I just came across a bash script. What does [[:space:]] mean in a bash script? Why the double colon?


3 Answers 3


It is, indeed, in the bash manual, but it helps to know what you're looking for, which isn't helpful if you don't know what you're looking at. If you searched for [[ you'd get distracted by the [[ expression ]] conditional expression section. Additionally, searching for :space: lands you in two examples under the same section. You might follow the breadcrumb in that example:

For example, the following will match a line (stored in the shell variable line) if there is a sequence of characters in the value consisting of any number, including zero, of space characters, zero or one instances of ‘a’, then a ‘b’:

[[ $line =~ [[:space:]]*?(a)b ]]

... from which you could piece together that the [[:space:]] portion corresponded to "space characters", but you could be forgiven for thinking that it was only a literal space character and not a whole class of characters, which is what it represents.

If you (happen to?) search for the string " space" (that is, a space followed by the word "space") in the online bash manual, there are "only" about 32 matches to go through. About the tenth one will be here:

Within ‘[’ and ‘]’, character classes can be specified using the syntax [:class:], where class is one of the following classes defined in the POSIX standard:

alnum   alpha   ascii   blank   cntrl   digit   graph   lower
print   punct   space   upper   word    xdigit

A character class matches any character belonging to that class.

Which would then take you to the POSIX standard where you might search for the term "character class" and find

wctype, wctype_l - define character class, which gets you as far as:

The wctype() [CX] [Option Start] and wctype_l() [Option End] functions shall determine values of wctype_t according to the rules of the coded character set defined by character type information in the current locale [CX] [Option Start] or in the locale represented by locale, [Option End] respectively (category LC_CTYPE).

If you then followed the setlocale link, you'd finally get to your real answer, in the Locale section:


Define characters to be classified as white-space characters. In the POSIX locale, exactly <space>, <form-feed>, <newline>, <carriage-return>, <tab>, and <vertical-tab> shall be included.

In a locale definition file, no character specified for the keywords upper, lower, alpha, digit, graph, or xdigit shall be specified. The <space>, <form-feed>, <newline>, <carriage-return>, <tab>, and <vertical-tab> of the portable character set, and any characters included in the class blank are automatically included in this class.

  • 1
    Easier to find the manual match with LESS=+'/Within \[ and \],' man bash instead of 32 next commands :-).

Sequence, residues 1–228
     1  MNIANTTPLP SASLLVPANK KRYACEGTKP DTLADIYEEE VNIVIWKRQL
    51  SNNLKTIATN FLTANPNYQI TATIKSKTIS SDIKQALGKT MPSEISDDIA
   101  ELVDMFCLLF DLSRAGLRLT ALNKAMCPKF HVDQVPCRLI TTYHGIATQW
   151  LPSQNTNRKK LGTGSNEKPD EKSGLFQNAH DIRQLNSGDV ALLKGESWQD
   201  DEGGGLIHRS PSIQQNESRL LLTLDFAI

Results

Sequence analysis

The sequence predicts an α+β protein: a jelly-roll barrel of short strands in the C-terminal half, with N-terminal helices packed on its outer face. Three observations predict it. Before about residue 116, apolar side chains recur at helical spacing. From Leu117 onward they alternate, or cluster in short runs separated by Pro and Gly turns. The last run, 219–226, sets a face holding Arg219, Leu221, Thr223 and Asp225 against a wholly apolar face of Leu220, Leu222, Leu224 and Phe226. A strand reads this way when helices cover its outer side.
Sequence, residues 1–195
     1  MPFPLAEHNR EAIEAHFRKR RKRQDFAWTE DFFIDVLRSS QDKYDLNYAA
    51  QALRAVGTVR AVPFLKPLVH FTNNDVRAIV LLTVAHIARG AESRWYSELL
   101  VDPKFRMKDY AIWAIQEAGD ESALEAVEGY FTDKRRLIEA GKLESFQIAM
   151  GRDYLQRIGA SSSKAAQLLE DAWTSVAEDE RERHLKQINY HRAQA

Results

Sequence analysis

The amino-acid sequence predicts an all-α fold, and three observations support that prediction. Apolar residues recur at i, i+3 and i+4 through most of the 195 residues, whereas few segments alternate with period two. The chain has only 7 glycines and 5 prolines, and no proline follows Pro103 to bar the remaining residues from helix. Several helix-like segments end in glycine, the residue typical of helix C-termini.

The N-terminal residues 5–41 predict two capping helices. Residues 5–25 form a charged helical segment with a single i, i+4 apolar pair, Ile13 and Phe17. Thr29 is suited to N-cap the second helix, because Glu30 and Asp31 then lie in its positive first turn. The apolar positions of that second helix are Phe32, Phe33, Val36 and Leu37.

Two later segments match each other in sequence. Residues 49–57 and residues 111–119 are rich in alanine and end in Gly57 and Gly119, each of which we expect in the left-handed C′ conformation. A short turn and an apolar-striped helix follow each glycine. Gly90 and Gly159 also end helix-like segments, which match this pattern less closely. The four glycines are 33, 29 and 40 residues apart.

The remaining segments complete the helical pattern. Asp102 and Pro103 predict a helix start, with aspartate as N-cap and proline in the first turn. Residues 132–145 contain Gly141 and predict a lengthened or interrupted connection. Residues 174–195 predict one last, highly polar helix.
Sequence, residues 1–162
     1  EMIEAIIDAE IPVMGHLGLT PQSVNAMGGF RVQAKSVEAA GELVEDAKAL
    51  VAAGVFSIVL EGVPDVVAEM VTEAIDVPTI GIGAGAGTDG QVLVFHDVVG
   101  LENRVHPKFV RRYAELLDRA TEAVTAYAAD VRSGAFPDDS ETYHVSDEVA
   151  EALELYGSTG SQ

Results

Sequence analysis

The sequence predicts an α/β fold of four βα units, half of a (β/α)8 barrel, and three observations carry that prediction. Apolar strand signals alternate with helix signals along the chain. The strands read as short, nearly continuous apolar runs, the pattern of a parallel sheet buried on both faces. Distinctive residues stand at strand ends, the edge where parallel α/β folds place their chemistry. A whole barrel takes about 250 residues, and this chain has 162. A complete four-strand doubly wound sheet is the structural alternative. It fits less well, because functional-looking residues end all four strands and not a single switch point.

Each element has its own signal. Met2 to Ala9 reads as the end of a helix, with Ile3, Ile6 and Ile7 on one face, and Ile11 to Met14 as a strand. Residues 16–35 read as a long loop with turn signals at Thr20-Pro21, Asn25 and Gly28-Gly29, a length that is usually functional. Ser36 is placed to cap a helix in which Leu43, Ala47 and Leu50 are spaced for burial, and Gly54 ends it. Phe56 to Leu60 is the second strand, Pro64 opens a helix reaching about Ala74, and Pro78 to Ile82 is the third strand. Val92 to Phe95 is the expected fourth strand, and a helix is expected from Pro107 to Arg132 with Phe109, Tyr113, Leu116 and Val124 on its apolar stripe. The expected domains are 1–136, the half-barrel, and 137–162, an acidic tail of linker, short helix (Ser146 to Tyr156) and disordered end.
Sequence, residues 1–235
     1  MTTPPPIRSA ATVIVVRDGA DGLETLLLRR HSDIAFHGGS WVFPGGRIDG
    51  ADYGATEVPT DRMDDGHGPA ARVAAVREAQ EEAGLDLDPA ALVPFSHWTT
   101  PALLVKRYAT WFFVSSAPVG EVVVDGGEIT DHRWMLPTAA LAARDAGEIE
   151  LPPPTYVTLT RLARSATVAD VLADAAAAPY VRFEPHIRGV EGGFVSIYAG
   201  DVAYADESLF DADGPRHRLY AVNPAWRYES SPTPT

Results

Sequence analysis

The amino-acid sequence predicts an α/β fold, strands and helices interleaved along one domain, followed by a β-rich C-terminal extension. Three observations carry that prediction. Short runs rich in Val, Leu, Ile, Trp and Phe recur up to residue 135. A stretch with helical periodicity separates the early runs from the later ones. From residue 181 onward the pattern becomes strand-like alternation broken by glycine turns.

– user232326
    Jul 16, 2019 at 21:30
  • 5
    @Isaac I think the point is to teach the man how to fish. That said, I did not know about less +"$cmd", so thanks for that.
    – JoL
    Jul 17, 2019 at 1:09
  • 3
    Indeed, I answered given the OP's perspective; they could be forgiven for not picking up that the outer [] are independent of the inner []. I tried (!) to find a way from the question to the answer without knowing too much about what the answer was, although it took some lucky guessing :)
    – Jeff Schaller
    Jul 17, 2019 at 1:56

It is not only for Bash, It is part of POSIX notation.

What is POSIX?

POSIX or "Portable Operating System Interface for uniX" is a collection of standards that define some of the functionality that a (UNIX) operating system should support. One of these standards defines two flavors of regular expressions.

POSIX Bracket Expressions

POSIX bracket expressions are a special kind of character classes. POSIX bracket expressions match one character out of a set of characters, just like regular character classes.

Standard POSIX

[[:alnum:]]   Alphanumeric characters
[[:alpha:]]   Alphabetic characters
[[:blank:]]   Space and tab
[[:cntrl:]]   Control characters
[[:digit:]]   Digits
[[:graph:]]   Visible characters (anything except spaces and control characters)
[[:lower:]]   Lowercase letters
[[:print:]]   Visible characters and spaces (anything except control characters)
[[:punct:]]   Punctuation (and symbols).
[[:space:]]   All whitespace characters, including line breaks
[[:upper:]]   Uppercase letters
[[:xdigit:]]  Hexadecimal digits

None Standards

[[:ascii:]]   ASCII characters
[[:word:]]    Word characters (letters, numbers and underscores)

legacy syntax (can someone find reference to these?)

[[:<:]]       Start of Word 
[[:>:]]       End of Word

You can find more info here: wiki


In regular expressions and filename globs/shell patterns, the [...] construct matches any one character of those listed within the brackets. Within those brackets, a number of named standard character character classes can be used. One of those is [:space:], which matches whitespace characters (like \s in Perl regexes). See e.g. Pattern Matching in Bash's manual

So, [[:space:]] is a part of a regular expression or pattern match, one that matches just whitespace.

E.g. a pattern match (standard shell, not Bash-specific):

case $var in 
    *[[:space:]]*) echo "'$var' contains whitespace";;

or a regex (Bash):

if [[ $var =~ [[:space:]] ]]; then
    echo "'$var' contains whitespace"

Note that even though bracket expressions [...] work the same in regular expressions and shell patterns, they are generally very much not the same. (case and [[ string == pattern ]] use pattern matches, [[ string =~ regex ]] uses regexes.)

Regular expressions also aren't shell-specific, they're used in e.g. awk and sed too, and are described in e.g. the Linux man page regex(7)

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